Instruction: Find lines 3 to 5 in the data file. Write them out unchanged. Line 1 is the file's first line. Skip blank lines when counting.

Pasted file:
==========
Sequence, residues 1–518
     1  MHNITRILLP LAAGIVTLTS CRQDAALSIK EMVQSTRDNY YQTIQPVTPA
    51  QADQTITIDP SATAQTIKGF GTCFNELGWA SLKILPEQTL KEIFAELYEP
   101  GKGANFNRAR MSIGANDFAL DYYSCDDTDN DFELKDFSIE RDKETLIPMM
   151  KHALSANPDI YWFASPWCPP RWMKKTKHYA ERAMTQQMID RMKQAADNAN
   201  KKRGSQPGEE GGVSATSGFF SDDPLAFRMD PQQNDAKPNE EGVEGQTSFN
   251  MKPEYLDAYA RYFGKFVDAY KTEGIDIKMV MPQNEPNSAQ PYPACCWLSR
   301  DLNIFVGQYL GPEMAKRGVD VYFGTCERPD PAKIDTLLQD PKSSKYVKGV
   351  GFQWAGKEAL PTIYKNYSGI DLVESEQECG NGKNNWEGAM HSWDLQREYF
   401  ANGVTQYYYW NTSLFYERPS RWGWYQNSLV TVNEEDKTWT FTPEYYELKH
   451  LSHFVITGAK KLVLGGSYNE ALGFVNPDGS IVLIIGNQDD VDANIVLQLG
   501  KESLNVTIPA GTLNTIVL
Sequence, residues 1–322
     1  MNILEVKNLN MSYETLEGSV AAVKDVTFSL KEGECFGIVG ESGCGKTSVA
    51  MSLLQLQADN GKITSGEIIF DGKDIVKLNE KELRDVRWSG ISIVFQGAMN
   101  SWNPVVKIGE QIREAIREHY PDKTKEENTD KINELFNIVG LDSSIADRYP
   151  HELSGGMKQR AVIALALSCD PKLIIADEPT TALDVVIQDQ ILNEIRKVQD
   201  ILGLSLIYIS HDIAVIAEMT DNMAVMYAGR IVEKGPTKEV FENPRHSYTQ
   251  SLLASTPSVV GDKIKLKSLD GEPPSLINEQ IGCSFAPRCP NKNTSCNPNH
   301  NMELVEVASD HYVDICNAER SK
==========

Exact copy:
    51  QADQTITIDP SATAQTIKGF GTCFNELGWA SLKILPEQTL KEIFAELYEP
   101  GKGANFNRAR MSIGANDFAL DYYSCDDTDN DFELKDFSIE RDKETLIPMM
   151  KHALSANPDI YWFASPWCPP RWMKKTKHYA ERAMTQQMID RMKQAADNAN